As I remember, there was a tiny cramped record store on Hanway Street. Here - I felt sure - I'd find Zappa. And I did - not Joe's Garage but FilmoreEast with its grubby all-white cover and cruddy writing housed in a transparent sleeve. Oh, and a price sticker with an amount that seemed astronomical. That much for this? I'd been told not to judge a book by its cover but records were different (remember those were the days of Roger Dean, Hipgnosis ... plenty of gloss & shine on). I hadn't listened to enough Zappa, hadn't opened my ears and eyes enough to appreciate what the cover implied and what the music embodied: the sneer, the critique, the black pepper, the other way of going about things.
Ten years later it all made a lot more sense & I'd spent a week up in Leeds with Out to Lunch the Professor of Zappology. I came home buzzing. Suddenly EVERYTHING was possible (poetry ... music ... living ... thinking ... Zappa ... Prynne ... Adorno ... Debord ... Punk ... William Blake ... ) and I sat down and made my first 'book' The Shabbiness of Intent with its grubby cover and cruddy writing**. And looking at the Pritt-sticky pages adhering to my fingers what else could I do but devise The Sticky Pages Press? And so, boys and girls, that's how it all began ...
* thanks to a new Blog Follower for (indirectly) jogging my memory
** where did it go? OTL sent the volume around The Loop & it eventually found its way to Iain Sinclair (whose title The Shamanism of Intent I'd stolen & warped). Did Sinclair bin it, offended by the irreverence? Or did he then send it on? To whom? Is it still orbiting? Who knows ...
The modem has been playing up of late* and so I haven't been able to link to Geof Huth's recent post (http://dbqp.blogspot.com/) for 9th December. No one's written me a song before - but then this isn't/wasn't written. So, no one's sung me a song before - and again, 'singing' isn't quite the right word. A hum? A chant? An incantation? A brew-brooding? A see-chant-tea? Go to Geof's site & see/hear for yourself.
* this is the third attempt at posting - twice I've seen the page disappear & had to go back to the saved draft
"To progress in life you must give up the things you do not like. Give up doing the things that you do not like to do. You must find the things that you do like. The things that are acceptable to your mind." (Agnes Martin)
Spend today when not invigilating exams etc. trying to track down books on/by Agnes Martin including the elusive (and eye-wateringly expensive) Writings. By all accounts it is fantastic. If anyone knows of an affordable copy &/or has one to sell please let me know. For now I'm dependent on quotations (often, I suspect, unreliable) via Blogs and other sites.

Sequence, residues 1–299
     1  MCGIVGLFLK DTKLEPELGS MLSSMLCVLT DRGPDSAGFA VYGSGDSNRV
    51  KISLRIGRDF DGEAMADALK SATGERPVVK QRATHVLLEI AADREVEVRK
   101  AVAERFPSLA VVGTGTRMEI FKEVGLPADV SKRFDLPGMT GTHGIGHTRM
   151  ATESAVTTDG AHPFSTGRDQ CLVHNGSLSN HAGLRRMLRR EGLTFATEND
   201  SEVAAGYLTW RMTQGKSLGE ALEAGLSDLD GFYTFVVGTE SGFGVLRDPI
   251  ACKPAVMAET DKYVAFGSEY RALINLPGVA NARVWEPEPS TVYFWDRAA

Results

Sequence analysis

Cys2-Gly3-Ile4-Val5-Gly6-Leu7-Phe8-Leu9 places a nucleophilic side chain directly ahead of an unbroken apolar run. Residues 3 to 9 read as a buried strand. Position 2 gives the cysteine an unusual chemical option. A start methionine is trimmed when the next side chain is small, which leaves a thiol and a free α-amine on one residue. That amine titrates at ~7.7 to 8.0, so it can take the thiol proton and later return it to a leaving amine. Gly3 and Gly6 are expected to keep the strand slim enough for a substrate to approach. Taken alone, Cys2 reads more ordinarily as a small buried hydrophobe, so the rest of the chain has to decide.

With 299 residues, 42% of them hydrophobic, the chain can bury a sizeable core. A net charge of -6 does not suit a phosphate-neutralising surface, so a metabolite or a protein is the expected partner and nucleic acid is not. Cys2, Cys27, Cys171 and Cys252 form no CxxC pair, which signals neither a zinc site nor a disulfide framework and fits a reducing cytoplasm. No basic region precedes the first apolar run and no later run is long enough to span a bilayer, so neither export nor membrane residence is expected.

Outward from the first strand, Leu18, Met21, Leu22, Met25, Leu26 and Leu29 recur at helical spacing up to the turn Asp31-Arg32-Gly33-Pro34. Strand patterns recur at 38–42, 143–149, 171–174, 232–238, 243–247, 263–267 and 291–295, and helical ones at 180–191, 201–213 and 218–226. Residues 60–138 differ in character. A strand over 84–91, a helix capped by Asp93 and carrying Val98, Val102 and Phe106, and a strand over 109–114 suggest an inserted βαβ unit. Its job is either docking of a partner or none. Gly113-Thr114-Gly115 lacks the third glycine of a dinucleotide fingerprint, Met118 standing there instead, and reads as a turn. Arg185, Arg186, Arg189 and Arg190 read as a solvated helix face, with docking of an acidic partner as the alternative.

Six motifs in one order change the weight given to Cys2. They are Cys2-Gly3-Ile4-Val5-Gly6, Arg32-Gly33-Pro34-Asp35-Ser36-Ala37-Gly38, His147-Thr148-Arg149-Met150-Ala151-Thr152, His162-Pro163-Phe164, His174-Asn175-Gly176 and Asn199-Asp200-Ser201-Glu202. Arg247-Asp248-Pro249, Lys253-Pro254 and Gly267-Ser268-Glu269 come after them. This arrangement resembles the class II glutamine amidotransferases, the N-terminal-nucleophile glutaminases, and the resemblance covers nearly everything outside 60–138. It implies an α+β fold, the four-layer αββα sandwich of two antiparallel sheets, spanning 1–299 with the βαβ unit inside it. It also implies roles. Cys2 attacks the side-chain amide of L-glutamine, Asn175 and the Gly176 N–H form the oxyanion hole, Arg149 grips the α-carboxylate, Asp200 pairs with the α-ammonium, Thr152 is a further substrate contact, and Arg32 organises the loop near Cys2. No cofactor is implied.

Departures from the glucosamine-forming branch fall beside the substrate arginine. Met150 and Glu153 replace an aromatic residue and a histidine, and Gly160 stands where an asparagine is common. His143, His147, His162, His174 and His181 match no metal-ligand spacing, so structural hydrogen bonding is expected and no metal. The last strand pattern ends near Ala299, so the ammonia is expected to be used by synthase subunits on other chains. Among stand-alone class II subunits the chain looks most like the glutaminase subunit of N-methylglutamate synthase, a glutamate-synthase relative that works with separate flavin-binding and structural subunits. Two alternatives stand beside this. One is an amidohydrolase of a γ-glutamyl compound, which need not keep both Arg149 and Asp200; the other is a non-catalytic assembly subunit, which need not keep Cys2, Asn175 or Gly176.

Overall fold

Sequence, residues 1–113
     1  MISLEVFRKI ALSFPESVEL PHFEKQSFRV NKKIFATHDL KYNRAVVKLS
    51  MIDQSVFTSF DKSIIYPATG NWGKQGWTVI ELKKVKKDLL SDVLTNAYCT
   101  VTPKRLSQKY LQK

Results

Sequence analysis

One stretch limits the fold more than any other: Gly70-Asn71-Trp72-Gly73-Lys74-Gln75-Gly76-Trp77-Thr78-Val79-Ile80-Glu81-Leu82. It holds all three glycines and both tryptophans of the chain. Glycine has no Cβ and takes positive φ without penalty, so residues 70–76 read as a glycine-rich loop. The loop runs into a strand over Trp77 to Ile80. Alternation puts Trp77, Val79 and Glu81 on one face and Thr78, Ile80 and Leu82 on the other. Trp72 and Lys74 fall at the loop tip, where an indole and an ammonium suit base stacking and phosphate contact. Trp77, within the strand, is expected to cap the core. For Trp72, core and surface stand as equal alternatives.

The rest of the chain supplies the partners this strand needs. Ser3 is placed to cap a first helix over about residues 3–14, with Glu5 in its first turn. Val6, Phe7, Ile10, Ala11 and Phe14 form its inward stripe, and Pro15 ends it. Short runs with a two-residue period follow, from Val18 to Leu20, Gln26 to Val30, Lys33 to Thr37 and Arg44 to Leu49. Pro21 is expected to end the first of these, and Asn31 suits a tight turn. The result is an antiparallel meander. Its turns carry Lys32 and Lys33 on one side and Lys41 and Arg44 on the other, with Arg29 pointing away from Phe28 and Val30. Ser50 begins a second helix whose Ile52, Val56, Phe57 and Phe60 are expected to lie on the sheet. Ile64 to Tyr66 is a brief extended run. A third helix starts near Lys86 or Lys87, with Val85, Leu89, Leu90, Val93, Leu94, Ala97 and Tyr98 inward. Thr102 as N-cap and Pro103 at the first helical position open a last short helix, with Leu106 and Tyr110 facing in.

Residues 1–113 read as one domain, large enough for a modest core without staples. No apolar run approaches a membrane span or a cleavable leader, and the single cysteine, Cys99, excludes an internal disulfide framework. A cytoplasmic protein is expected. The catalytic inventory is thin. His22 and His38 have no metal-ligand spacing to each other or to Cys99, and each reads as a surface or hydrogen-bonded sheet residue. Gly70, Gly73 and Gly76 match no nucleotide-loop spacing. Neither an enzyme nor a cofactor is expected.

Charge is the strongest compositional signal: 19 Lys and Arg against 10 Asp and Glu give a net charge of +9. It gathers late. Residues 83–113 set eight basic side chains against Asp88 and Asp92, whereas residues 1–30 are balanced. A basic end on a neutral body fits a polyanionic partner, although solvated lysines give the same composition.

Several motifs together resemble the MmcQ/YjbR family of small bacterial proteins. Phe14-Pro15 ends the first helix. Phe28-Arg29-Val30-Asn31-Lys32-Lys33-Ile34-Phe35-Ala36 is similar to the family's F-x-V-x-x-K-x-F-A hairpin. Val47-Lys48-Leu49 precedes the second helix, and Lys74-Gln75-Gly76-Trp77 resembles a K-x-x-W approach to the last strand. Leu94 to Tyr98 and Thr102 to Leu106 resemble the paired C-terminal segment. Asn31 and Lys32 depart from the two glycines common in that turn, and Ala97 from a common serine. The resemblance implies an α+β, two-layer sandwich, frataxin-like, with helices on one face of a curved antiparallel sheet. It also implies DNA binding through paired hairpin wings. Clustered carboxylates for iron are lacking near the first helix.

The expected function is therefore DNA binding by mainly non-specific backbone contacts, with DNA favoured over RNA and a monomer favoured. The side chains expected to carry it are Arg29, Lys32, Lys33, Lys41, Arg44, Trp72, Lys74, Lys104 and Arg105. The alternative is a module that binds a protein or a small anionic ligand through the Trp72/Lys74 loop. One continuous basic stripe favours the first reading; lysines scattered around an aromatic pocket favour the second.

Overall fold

Threads by Jill Magi arrives today after weeks of waiting & disappointed mornings in the post room. The combination of texts and worked on papers is absolutely what I'm after at the moment. Beautiful. Put that in your Kindle & stroke it.
THE DAY IS
(slogan on the back of a student's T-shirt during this afternoon's exam)
From the bedroom window this morning I see a car has slid out of control rounding the corner. It's right headlight rammed into a car parked in the street - exactly the space I normally choose.
Interesting to discover that Bugge Wesseltoft was born four days before me. He looked even older - although who am I to say?
I decide to start a new notebook in honour of the first of the month. Also due to the feeling that the old one had gone stale. (Or is this the proverbial bad workman blaming his tools?).
Go down to the library in search of novels by Robert Harris - I'd heard him being interviewed & thought I ought to see what the hype was about. Surprisingly there are only a couple of volumes & not the obvious ones at that. Strange. I must have passed over hundreds of copies of Fatherland and Enigma in book sales. Now I want a copy nothing to be found.
I end up reading the first page of Fatherland using the Look Inside feature on Amazon. I'm immediately struck by the clunky prose. Two pages of such stuff satisfies my curiosity. I'll stick with Iain Sinclair.
Driving back from E's piano lesson the snow starts again - enough to make me glad to get home. A really heavy fall during the night & who knows ... the early morning phone call ...?